SIGN IN to access Harper’s Magazine
Need to create a login? Want to change your email address or password? Forgot your password?
1. Sign in to Customer Care using your account number or postal address.
2. Select Email/Password Information.
3. Enter your new information and click on Save My Changes.
Subscribers can find additional help here. Not a subscriber? Subscribe today!
Someone said, “There is something I have forgotten.” There is one thing in the world that should not be forgotten. You may forget everything except that one thing, without there being any cause for concern. If you remember everything else but forget that one thing, you will have accomplished nothing. It would be as if a king sent you to a village on a specific mission. If you went and performed a hundred other tasks, but neglected to accomplish the task for which you were sent, it would be as though you had done nothing. The human being therefore has come into the world for a specific purpose and aim. If one does not fulfill that purpose, one has done nothing.
??? ????? ??????? ??? ?????? ?????? ??????? ????? ?? ??????? ?????? ???? ?????? ?????? ??? ??? ????? ?????
We proposed the faith unto the heavens, and the earth, and the mountains: and they refused to undertake it, and were afraid of it; but the human being undertook it: and yet truly, he was unjust to himself, and foolish. (Qur’an 33:72) . . .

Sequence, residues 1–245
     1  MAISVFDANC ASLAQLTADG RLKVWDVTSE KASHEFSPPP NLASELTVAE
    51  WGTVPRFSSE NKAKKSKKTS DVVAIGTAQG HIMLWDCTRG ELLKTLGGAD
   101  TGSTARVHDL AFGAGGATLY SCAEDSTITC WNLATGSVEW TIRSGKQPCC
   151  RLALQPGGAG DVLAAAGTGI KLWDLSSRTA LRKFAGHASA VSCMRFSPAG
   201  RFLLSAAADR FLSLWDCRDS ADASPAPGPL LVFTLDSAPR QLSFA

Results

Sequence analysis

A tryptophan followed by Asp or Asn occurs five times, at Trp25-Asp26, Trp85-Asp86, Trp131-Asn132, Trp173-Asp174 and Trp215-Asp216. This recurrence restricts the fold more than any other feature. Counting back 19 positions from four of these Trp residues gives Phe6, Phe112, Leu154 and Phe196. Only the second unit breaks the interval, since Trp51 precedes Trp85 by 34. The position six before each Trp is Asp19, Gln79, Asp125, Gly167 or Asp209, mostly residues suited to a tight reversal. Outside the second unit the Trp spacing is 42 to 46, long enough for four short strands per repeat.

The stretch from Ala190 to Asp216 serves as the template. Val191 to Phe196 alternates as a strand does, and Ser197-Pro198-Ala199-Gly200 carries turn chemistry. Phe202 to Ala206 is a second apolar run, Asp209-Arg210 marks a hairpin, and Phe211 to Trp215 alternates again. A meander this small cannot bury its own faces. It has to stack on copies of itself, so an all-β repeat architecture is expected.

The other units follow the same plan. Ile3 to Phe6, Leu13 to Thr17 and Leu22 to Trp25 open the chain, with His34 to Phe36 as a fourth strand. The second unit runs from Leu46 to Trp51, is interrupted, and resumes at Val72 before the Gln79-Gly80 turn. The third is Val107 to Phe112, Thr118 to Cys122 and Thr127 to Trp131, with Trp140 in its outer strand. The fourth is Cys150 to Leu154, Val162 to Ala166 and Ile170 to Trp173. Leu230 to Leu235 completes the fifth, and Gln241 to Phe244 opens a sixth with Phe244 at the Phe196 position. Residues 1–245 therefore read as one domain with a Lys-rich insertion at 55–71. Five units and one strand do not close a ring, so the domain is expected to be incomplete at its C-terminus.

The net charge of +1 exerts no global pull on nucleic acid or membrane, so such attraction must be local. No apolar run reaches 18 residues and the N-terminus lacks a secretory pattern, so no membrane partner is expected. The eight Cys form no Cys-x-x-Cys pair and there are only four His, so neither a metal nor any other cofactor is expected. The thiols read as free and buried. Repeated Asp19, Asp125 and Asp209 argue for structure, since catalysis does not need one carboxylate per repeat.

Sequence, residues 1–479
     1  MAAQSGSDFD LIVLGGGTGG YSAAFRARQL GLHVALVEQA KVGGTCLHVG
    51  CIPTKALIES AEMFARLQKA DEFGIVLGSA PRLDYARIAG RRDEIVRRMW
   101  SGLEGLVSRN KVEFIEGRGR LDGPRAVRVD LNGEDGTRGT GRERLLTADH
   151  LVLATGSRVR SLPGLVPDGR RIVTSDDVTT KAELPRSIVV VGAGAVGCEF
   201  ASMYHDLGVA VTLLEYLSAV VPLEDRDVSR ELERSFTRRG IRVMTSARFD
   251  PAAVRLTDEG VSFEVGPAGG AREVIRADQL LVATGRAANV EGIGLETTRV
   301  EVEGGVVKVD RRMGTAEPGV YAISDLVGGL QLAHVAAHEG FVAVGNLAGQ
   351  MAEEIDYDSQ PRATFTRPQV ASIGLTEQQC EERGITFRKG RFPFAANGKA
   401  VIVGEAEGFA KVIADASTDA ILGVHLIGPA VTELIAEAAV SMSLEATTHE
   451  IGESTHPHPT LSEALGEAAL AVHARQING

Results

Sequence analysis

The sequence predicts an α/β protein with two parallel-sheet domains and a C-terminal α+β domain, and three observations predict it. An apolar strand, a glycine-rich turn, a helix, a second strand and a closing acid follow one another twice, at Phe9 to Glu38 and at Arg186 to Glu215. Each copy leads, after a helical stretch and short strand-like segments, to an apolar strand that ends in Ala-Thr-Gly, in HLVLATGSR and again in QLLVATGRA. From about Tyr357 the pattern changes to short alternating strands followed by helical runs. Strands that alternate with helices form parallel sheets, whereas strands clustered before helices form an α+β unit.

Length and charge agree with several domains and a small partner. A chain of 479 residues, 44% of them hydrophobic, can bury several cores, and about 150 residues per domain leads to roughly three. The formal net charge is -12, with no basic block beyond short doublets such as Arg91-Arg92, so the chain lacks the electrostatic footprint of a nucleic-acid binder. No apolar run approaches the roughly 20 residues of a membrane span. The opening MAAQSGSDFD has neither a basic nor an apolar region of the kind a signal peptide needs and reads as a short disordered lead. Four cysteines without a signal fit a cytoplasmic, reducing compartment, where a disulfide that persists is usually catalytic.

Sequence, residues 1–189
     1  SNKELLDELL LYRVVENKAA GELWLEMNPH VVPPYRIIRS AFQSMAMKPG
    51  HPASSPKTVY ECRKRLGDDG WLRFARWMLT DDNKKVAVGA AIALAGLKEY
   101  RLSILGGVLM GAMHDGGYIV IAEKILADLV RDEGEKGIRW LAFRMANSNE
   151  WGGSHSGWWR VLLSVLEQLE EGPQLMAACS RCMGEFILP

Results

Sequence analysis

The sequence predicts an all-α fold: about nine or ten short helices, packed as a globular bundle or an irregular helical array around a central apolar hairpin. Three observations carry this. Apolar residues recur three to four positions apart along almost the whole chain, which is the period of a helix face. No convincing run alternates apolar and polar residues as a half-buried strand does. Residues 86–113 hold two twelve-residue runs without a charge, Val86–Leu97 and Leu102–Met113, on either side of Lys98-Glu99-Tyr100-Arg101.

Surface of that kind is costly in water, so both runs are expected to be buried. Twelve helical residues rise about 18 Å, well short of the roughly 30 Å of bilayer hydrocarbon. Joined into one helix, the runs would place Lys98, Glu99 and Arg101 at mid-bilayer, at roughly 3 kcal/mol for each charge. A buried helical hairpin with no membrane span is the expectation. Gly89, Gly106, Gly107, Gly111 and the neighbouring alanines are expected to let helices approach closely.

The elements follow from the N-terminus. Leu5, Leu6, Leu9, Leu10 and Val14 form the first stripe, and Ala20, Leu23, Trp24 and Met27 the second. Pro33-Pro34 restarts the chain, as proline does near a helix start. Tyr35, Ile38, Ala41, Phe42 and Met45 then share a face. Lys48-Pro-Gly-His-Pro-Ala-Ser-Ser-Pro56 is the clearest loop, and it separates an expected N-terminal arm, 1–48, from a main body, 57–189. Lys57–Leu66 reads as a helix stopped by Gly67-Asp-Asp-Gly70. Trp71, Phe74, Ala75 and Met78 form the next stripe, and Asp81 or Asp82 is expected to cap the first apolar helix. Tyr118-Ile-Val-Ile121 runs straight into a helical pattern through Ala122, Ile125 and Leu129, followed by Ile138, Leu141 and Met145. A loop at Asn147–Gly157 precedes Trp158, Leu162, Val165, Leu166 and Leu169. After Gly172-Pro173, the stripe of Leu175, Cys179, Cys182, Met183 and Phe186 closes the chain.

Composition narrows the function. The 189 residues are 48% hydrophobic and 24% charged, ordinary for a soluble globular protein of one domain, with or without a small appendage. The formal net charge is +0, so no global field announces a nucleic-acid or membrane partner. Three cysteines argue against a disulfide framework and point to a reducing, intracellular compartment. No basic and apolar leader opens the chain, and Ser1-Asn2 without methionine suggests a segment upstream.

Someone came to Sayyid Burhanuddin Muhaqqiq and said, “I have heard praise of you from a certain person.”
“Let me see,” he replied, “what sort of person he is, whether he has reached such a degree that he can know me and praise me. If he knows me by what I have said, he does not know me because words are impermanent, sounds are impermanent, lips and mouths are impermanent. They are all incidental. If he knows me by what I have done, the case is likewise. If, however, he knows my essence, then I know that he is capable of praising me and that the praise belongs to me.”
This is like a story they tell of a king who entrusted his son to a group of skilled men, with whom the boy remained until they had taught him total mastery of astronomy, geomancy, and other sciences, despite his utter stupidity and ineptitude. One day the king took a ring in his fist and, by way of testing his son, said, “Come, tell me what I am holding in my fist.”
“What you are holding,” he answered, “is round, yellow, and has a hole in the middle.”
“Since you have described it correctly,” said the king, “tell me what it is.”
“It must be a millstone,” he said.
“You have given its characteristics so precisely that the mind is boggled. With all the education and knowledge you have acquired, how has it escaped you that a millstone cannot be held in the fist?”